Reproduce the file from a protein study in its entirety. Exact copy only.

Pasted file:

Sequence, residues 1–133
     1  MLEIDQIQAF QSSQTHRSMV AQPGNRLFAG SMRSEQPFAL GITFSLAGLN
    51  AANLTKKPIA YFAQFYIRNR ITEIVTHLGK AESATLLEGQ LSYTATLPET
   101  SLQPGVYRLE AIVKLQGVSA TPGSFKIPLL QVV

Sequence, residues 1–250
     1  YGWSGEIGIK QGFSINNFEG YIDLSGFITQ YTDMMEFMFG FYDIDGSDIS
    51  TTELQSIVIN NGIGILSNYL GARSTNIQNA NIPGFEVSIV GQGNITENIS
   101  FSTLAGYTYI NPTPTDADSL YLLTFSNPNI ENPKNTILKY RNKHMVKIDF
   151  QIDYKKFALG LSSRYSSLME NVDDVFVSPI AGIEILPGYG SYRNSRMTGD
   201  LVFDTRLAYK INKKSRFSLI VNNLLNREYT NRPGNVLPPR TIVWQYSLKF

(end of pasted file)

Sequence, residues 1–133
     1  MLEIDQIQAF QSSQTHRSMV AQPGNRLFAG SMRSEQPFAL GITFSLAGLN
    51  AANLTKKPIA YFAQFYIRNR ITEIVTHLGK AESATLLEGQ LSYTATLPET
   101  SLQPGVYRLE AIVKLQGVSA TPGSFKIPLL QVV

Sequence, residues 1–250
     1  YGWSGEIGIK QGFSINNFEG YIDLSGFITQ YTDMMEFMFG FYDIDGSDIS
    51  TTELQSIVIN NGIGILSNYL GARSTNIQNA NIPGFEVSIV GQGNITENIS
   101  FSTLAGYTYI NPTPTDADSL YLLTFSNPNI ENPKNTILKY RNKHMVKIDF
   151  QIDYKKFALG LSSRYSSLME NVDDVFVSPI AGIEILPGYG SYRNSRMTGD
   201  LVFDTRLAYK INKKSRFSLI VNNLLNREYT NRPGNVLPPR TIVWQYSLKF